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Brazilian Oral Research

On-line version ISSN 1807-3107

Braz. oral res. vol.31  São Paulo  2017  Epub Dec 18, 2017 

Original research

Determinants of oral self-care in the Brazilian adult population: a national cross-sectional study

Danielle Bordin(a) 

Cristina Berger Fadel(b) 

Celso Bilynkievycz dos Santos(c) 

Cléa Adas Saliba Garbin(a) 

Suzely Adas Saliba Moimaz(a) 

Nemre Adas Saliba(a) 

(a)Universidade Estadual Paulista “Júlio de Mesquita Filho” – Unesp, Araçatuba School of Dentistry, Department of Pediatric and Social Dentistry, Araçatuba, SP, Brazil

(b)Universidade Estadual de Ponta Grossa – UEPG, Department of Dentistry, Ponta Grossa, PR, Brazil

(c)Universidade Tecnoógica Federal do Paraná – UTFPR, Ponta Grossa, PR, Brazil


This study aims to investigate variables related to adherence to oral self-care in the Brazilian adult population. It is an exploratory study, using secondary data from a population-based survey on a representative sample of the adult population of the entire Brazilian territory (n=60202). The sample was selected using a multiple stage approach. The oral self-care indicator was defined by grouping the variables: periodicity of dentist appointments, use of dental floss, toothbrush and toothpaste, frequency of brushing and replacement of the toothbrush. The scores obtained from the indicator were categorized into adequate, partially adequate, and inadequate care. Statistical analysis consisted of dimensionality reduction, and oral self-care-related variables were submitted to logistic regression. The variables mostly related to inadequate or partially adequate oral self-care were: illiteracy (OR = 11.20, OR = 4.81), low educational level (OR = 3.50, OR = 1.96), negative oral health self-concept (OR=3.73, OR=1.74), absence of natural teeth (OR = 4.98, OR=2.60), edentulous lower arch (OR = 3.09; _____), number of missing upper teeth (OR=1.14, OR=1.05), absence of health insurance (OR=2.23, OR=2.07), sedentary lifestyle (OR=2.77, OR=1.51), and smoking (OR=2.18, OR=1.40). It was concluded that the individual's level of education is one of the main factors for adherence to adequate oral self-care, followed by level of oral health self-concept and tooth loss. Likewise, lifestyle also bears a significant influence.

Keywords: Self Care; Oral Health; Knowledge; Health Knowledge; Attitudes; Practice; Cross-Sectional Studies


The World Health Organization (WHO) defines self-care as the ability of individuals, families, and communities to promote quality of life, prevent disease and maintain health, and cope with disease and disability with or without the support of a healthcare practitioner.1,2 Generally speaking, self-care can be defined simply as the practice of voluntary and intentional activities that individuals perform for their own benefit and for the purpose of preserving life, health, and wellbeing.3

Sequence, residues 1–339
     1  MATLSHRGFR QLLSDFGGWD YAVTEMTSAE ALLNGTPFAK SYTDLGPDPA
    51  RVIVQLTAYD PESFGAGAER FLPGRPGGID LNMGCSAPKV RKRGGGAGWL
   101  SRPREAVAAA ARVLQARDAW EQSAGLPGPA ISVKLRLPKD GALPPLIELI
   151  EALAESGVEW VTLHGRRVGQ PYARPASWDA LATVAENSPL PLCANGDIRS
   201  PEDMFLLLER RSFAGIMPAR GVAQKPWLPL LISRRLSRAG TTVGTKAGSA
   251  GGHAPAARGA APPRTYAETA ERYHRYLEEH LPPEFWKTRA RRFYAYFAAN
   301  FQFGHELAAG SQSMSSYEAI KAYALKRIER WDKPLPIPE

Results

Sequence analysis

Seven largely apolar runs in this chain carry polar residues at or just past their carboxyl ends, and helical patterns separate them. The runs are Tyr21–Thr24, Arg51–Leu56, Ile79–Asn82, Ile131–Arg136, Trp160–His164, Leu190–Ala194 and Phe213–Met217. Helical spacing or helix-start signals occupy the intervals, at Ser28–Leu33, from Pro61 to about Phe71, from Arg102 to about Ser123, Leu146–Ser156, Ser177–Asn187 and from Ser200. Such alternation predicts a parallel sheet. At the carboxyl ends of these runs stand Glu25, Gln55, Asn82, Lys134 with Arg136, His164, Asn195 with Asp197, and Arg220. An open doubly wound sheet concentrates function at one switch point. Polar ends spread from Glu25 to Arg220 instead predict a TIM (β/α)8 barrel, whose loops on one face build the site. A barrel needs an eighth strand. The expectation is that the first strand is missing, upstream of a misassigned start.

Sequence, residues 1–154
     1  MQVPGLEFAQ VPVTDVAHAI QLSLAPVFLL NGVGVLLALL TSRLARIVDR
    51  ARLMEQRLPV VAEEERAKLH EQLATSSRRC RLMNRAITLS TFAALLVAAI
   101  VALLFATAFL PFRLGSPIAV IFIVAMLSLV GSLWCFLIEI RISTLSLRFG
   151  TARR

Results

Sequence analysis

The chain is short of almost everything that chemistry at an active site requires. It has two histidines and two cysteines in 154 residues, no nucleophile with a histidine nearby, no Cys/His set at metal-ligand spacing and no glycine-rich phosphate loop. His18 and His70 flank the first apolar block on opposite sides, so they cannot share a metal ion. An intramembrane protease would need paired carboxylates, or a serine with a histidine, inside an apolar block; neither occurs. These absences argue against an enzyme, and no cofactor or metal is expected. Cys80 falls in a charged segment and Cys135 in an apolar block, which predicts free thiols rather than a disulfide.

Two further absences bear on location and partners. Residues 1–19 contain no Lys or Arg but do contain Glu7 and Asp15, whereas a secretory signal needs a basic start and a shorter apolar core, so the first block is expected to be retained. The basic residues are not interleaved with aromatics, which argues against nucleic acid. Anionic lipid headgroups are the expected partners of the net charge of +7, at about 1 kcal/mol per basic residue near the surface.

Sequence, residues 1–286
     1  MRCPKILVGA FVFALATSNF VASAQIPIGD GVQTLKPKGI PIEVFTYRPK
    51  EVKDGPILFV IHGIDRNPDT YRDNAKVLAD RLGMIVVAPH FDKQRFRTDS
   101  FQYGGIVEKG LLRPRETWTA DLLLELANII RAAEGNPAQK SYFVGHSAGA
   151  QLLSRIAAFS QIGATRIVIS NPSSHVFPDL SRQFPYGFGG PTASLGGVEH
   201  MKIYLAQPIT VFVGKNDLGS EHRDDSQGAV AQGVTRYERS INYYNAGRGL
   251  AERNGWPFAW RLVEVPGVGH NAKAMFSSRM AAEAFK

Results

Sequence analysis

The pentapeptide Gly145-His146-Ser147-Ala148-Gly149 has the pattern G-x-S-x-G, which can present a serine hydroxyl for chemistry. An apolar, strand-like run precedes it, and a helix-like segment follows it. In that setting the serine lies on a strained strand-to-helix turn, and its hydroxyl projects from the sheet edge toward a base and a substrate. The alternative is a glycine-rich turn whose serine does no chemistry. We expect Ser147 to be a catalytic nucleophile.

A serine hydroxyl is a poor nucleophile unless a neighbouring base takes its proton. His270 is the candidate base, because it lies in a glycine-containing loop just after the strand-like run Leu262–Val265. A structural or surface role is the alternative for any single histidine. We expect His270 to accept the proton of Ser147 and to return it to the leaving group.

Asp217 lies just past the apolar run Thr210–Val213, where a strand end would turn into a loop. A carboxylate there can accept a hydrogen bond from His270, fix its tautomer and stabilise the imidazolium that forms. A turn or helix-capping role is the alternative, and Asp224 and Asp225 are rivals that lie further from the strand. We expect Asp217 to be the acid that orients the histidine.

Authors advocate that self-care should assume a central role in the field of social and preventive healthcare, since the current objective of health interventions is more related to the response given to life processes than to the disease itself.4,5

Self-care may be affected by basal factors such as age, sex, education, income, health condition and support network,6 and by distal factors such as sociocultural orientation, family issues and environment, lifestyle, and adequacy and availability of public resources6. In the field of oral health, the recognition and analysis of the process of acquiring individual autonomy is under construction, and studies predominantly show an association between oral self-care and isolated factors.7,8,9,10,11

The literature points out that appropriate oral health depends on maintaining certain practices, including periodic dental visits,12,13,14,15 tooth brushing frequency,7,10,12,16,17 toothbrush replacement frequency,17,18 dental flossing, and use of auxiliary techniques,7,12,17,19 and that all these factors together represent oral self-care. However, the studies usually evaluate oral self-care in a segmented manner, relating it specifically to dental flossing, toothbrushing or regular visits to the dentist.7,8,10,16,17 Therefore, the factors that actually infer oral self-care cannot be predicted accurately.